• by Sarten-X (1102295) on Friday February 17, 2012 @10:10AM (#39073581) Homepage

    As a fellow computer engineer, I point you toward the field of registry cleaners, fake antivirus, and far too many consulting firms. Just enough of a success rate to make people swear there's an improvement, until a competent admin comes in and finds that swapping was disabled, and that's why everything runs so much faster until it locks up.

    James Randi's tests are based on the assumption that supernatural powers are consistent, or at least repeatable upon demand. This is an acknowledged shortcoming. However, Randi's goal is not to disprove all possibility of supernatural phenomena. Rather, it is to promote critical thinking, to protect people from fraud. He thus attracts con men, and designs tests to directly measure their professed abilities. The test conditions are agreed upon by the participants, except of course for those high-profile frauds that are already actively scamming people.

    Again, the point is to promote critical thinking. Even if supernatural phenomena are real, there are still hucksters out there who will use sleight-of-hand and cognitive bias to take advantage of the general public. James Randi uses his own knowledge of these tricks to highlight the techniques used in fraud, and show them to the public.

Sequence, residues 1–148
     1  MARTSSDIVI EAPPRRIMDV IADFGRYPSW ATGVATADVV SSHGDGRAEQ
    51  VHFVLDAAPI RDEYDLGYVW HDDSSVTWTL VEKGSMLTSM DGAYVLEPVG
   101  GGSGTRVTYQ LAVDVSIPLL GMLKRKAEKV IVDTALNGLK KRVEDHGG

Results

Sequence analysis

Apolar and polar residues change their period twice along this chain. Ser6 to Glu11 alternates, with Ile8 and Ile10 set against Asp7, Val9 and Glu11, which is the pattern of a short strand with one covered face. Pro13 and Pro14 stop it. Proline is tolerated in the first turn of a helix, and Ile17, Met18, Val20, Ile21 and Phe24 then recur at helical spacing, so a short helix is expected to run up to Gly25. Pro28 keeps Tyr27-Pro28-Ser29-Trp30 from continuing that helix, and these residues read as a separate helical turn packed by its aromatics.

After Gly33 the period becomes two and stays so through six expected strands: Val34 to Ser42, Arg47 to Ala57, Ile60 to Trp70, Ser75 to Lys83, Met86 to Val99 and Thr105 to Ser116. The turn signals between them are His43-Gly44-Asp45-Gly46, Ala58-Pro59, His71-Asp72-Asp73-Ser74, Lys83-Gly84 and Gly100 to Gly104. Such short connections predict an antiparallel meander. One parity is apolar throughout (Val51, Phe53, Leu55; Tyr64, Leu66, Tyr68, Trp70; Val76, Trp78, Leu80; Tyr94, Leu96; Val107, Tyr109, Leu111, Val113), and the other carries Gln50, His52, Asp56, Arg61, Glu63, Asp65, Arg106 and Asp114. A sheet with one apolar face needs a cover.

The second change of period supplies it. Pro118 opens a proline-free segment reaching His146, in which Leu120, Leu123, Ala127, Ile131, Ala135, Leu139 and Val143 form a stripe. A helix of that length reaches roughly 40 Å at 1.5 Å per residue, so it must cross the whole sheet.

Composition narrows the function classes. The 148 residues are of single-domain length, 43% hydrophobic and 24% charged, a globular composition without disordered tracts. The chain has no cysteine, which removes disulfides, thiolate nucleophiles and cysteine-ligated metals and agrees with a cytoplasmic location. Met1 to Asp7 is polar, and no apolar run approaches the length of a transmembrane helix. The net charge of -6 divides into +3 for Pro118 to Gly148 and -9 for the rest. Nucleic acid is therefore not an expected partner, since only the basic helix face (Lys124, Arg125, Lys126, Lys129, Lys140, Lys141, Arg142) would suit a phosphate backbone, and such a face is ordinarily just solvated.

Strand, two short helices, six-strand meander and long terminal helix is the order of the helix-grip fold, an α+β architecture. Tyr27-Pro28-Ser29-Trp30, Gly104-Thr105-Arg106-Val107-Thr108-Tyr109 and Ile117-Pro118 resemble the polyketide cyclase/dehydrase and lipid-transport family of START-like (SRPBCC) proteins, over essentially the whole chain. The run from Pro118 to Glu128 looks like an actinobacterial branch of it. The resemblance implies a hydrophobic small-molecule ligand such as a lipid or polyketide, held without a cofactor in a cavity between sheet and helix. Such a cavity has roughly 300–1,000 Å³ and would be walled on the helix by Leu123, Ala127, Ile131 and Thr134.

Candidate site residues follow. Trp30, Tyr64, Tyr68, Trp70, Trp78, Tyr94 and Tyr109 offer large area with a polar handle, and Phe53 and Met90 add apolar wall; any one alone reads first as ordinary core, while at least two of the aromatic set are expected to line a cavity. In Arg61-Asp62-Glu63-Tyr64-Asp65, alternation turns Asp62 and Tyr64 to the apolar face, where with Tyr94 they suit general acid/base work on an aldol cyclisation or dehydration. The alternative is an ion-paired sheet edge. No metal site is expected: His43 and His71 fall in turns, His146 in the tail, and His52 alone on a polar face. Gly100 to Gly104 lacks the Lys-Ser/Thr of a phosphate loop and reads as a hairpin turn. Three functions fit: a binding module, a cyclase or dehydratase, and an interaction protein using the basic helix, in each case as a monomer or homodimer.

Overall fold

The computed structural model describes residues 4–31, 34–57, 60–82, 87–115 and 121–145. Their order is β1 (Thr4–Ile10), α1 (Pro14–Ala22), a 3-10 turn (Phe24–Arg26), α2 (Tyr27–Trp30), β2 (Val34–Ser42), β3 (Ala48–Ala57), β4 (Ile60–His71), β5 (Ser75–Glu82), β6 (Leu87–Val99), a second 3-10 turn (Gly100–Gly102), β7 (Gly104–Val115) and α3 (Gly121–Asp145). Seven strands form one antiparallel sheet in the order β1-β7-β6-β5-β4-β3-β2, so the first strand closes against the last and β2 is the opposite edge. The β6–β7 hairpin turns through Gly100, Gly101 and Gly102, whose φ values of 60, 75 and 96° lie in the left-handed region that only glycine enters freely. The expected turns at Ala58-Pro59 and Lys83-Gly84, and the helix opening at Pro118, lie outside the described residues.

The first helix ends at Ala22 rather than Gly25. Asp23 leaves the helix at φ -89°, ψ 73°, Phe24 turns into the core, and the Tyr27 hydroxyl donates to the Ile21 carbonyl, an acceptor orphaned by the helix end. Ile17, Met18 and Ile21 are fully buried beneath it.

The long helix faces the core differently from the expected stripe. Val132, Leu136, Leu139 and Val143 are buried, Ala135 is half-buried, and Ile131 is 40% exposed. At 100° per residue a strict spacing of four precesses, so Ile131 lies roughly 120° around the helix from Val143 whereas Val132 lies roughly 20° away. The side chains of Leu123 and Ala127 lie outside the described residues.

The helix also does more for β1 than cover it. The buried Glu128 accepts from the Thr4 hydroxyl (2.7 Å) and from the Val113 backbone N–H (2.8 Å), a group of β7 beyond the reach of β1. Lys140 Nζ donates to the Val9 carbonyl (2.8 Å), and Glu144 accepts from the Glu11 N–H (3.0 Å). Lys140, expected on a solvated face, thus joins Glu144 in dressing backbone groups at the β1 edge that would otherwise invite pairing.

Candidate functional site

Similarly, competent system admins can disprove many of the scam software tricks, too. Make several junk entries in the registry, and see if the cleaner program finds them. Stick some viruses in a folder, and see if they're caught. As with James Randi, that's not the real fight, though. The real goal is to convince the public/managers to think critically about any promised easy fix.

  • by b4dc0d3r (1268512) on Friday February 17, 2012 @11:05AM (#39074331)

    Science says the same thing. Facts make people believe even more, especially when they contradict belief.

    http://www.boston.com/bostonglobe/ideas/articles/2010/07/11/how_facts_backfire/ [boston.com]

    Sorry if it seems I have posted this before, you'd think more people would just let it go implied at this point, as common knowledge.

  • by Darinbob (1142669) on Friday February 17, 2012 @04:33PM (#39078791)

    The thing is, many of these psychics and others absolutely believe in their own abilities. They accept the test conditions because they don't believe they will fail. Not all of them are consciously frauds, but many actually fool themselves.

    This is especially true with the sort of psychics-as-therapists type of people; astrologers, palm readers, etc. All day long they get positive reinforcement from their customers who say "wow, that's amazing" or "you're really helping me out". No one ever comes in and pays for an astrological reading while being skeptical.

    One interesting story I heard was the palm reader who was asked to give the opposite readings from what he actually saw for one day. He said he was amazed to discover that the customers were still responding to the opposite readings exactly as they normally did with the correct readings. He'd use the opposite readings to suggest things about the customer's personality or life and the customer would agree and say it was accurate (you know, those typical psychic things like "I sense some sorrow in the recent past", "oh ya, I just broke up with my boyfriend, how did you know!"). So this palm reader now believes it was all fake and that he never was psychic after all.

What ever you want is going to cost a little more than it is worth. -- The Second Law Of Thermodynamics